If your manuscript survived the Muse’s horn last week and you’re still keen to turn it into an e-book, you now have a bit more writing to do.
Before you groan, I don’t mean more work on the actual story. You’ve told me that’s finished and has been edited and proof read, so the Muse will believe you. At this stage (if you're anything like my author) you’ll be totally bored of your own story, have forgotten why you ever wanted to write the book in the first place, know each full stop and comma intimately, and just want to see the back of the thing. That's a good sign – and it proves your author work has been properly done. Normally this is where your publisher will take over, at least until the book comes out and you need to do some publicity – by which time you’ll hopefully be refreshed and ready to talk about the book with some of your original passion.
But now you’re a publisher too, remember. So you need to put on your publisher’s hat (preferably one with a glittery feather in it) and add some pages at the beginning of your story, and maybe some at the end, to make it into a real book. If you don’t know where to start, then take a look at a paper book as a guide.
Suggested front pages:
Title page – including your name and the book title.
Copyright page – with your name and the date, any previous publication credits, and other legal things such as permissions for using other people’s copyrighted material. Take care! You cannot, for example, use song lyrics without clearing (and probably paying for) permission. Same applies to copyrighted pictures.
Review page – if anybody has read your book and said something nice about it, you might want to quote them here (possible exception if it’s your mum).
About the Author page – a short piece about you.
Contents page – list of chapters or stories in your book, including front and back matter. To avoid a boring list of numbers, why not name your chapters? This will also give your potential reader a good idea of what they're missing when they download the free sample.
Suggested back pages:
Other books by - a list of your other published books.
Links - your website, etc.
Teaser chapter - for your next book, particularly if it is part of the same series.
If you have a backlist title then it might already have some of this material, but you’ll need to update it for your e-book. You can’t use your previous publisher’s layout, anyway, because that remains their property – you only own the copyright in the words of your story. So if you have managed to get hold of the print pdf file from your publisher (or have scanned in your old paper book), then at this stage you should extract your story and convert it back into a Word file. If you don't have any conversion software, try www.freepdfconvert.com
Don’t worry too much about the formatting at this stage. Just put in the extra text you want to include, with page breaks where appropriate, and I’ll show you how to make it look pretty on Kindle next week.
Also worth thinking about when adding front and back matter is the finished length of your book, because when people download the free sample from amazon to their Kindle they’ll usually see the first 10%. This will obviously include all your front material. So if your book is very short, your potential reader might not get to read much of your wonderful text, particularly if you have put in ten pages of reviews beforehand (I’ve seen it done!) or several large pictures. My author recently downloaded the sample of A Simples Life, which has so many images that it cut off halfway through the contents page – not terribly useful! If this is the case with your book, you might want to consider moving some of your front matter to the back. Think of the first 10% as an advert for your book, the teaser that will make people want to buy.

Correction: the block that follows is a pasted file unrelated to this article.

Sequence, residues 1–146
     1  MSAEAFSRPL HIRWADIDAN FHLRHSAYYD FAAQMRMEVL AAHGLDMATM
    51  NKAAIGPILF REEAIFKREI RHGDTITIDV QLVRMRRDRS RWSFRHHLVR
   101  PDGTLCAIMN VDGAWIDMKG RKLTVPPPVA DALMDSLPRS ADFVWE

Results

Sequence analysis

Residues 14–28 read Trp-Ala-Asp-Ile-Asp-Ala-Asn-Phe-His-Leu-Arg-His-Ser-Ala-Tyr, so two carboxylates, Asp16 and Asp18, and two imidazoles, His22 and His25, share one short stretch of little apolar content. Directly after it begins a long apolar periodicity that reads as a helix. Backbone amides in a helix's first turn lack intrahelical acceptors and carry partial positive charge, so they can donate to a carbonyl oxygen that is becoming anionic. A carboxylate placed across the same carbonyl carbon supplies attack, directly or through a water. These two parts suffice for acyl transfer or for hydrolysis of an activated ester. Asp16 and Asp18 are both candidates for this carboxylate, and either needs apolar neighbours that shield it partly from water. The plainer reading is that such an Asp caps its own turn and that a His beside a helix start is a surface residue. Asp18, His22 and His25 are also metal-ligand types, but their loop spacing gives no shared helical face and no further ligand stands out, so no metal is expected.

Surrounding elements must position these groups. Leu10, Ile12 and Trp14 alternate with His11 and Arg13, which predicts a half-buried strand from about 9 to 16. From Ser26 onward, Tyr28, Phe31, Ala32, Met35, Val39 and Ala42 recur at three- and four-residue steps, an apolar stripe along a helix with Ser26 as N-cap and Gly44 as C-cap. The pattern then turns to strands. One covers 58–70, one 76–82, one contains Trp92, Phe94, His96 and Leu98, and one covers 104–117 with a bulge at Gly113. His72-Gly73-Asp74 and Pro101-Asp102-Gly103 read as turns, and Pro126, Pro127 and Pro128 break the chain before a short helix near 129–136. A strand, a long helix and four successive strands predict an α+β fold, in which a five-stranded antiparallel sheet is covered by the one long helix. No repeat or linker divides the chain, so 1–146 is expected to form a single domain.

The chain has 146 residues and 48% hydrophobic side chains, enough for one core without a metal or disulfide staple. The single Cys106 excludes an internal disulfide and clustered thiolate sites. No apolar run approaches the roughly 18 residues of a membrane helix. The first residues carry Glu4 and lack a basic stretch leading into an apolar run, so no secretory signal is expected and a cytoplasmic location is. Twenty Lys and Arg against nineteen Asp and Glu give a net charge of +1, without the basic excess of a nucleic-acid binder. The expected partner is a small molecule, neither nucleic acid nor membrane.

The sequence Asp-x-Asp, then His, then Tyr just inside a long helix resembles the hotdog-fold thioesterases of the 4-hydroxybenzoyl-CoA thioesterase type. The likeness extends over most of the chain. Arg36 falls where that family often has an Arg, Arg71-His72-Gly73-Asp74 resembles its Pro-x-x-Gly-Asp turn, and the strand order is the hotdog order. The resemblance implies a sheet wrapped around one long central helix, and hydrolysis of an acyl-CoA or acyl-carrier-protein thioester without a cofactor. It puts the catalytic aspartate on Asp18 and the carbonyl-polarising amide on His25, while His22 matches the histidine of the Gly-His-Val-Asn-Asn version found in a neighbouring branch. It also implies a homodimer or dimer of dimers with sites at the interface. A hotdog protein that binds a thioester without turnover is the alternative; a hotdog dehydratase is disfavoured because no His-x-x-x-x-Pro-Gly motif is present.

A quick word about images. It’s possible your book contains pictures as well as words. Fine. If they are already in your Word document, just leave them where they are for now. Otherwise keep them somewhere handy on your computer, and I’ll deal with them in a later post. We’ll concentrate on getting the words looking right first. Pictures in general are no problem, but remember the Kindle displays colour images as greyscale, so if you are thinking of having some new illustrations then these will work best in black and white.
Once you’ve added all the front and back matter you think you need, then you’re ready to start formatting your book to make it Kindle friendly. I suggest you use the rest of this week to check copyrights, canvass people for reviews if you haven’t got any yet, and brush up your author page. First impressions count, so you’ll want that 10% sample to look as good as you can possibly make it.
In the interests of market research, the Muse also suggests you download a few free samples from the Kindle store to see what sort of thing other publishers put at the front and back of their e-books. You can get the sample of my e-book “Spellfall” here. You’ll probably notice mine, and most of the other samples, have underlined hyperlinks on the contents page. Take note of what they do, but don’t worry about them yet because I’ll show you an easy way to put these in later. Most samples will also include a cover image, and some will "open" in unexpected places. Again, don’t worry, because all will be explained later! (You can check where you are in the sample by looking at the progress bar across the bottom of your Kindle – if it seems to open halfway through, then just backpage to see what is included at the beginning).
Have fun, and I’ll see you next week!
Muse tip: If you haven’t got an actual Kindle, you can download free Kindle software from amazon for your computer, ipad, blackberry, etc. and read your samples on that.